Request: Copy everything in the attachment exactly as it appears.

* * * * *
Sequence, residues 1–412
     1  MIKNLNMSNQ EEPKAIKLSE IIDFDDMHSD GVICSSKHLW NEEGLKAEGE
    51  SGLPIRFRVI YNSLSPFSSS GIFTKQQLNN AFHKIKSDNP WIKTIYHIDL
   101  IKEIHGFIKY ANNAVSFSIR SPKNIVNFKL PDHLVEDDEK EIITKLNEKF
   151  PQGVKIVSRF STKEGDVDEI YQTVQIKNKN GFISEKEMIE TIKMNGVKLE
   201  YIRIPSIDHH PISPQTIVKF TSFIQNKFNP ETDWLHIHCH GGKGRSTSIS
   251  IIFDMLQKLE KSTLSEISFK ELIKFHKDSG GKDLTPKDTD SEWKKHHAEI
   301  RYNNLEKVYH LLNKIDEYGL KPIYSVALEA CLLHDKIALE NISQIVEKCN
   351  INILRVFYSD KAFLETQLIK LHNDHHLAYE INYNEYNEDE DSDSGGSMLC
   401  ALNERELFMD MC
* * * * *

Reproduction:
Sequence, residues 1–412
     1  MIKNLNMSNQ EEPKAIKLSE IIDFDDMHSD GVICSSKHLW NEEGLKAEGE
    51  SGLPIRFRVI YNSLSPFSSS GIFTKQQLNN AFHKIKSDNP WIKTIYHIDL
   101  IKEIHGFIKY ANNAVSFSIR SPKNIVNFKL PDHLVEDDEK EIITKLNEKF
   151  PQGVKIVSRF STKEGDVDEI YQTVQIKNKN GFISEKEMIE TIKMNGVKLE
   201  YIRIPSIDHH PISPQTIVKF TSFIQNKFNP ETDWLHIHCH GGKGRSTSIS
   251  IIFDMLQKLE KSTLSEISFK ELIKFHKDSG GKDLTPKDTD SEWKKHHAEI
   301  RYNNLEKVYH LLNKIDEYGL KPIYSVALEA CLLHDKIALE NISQIVEKCN
   351  INILRVFYSD KAFLETQLIK LHNDHHLAYE INYNEYNEDE DSDSGGSMLC
   401  ALNERELFMD MC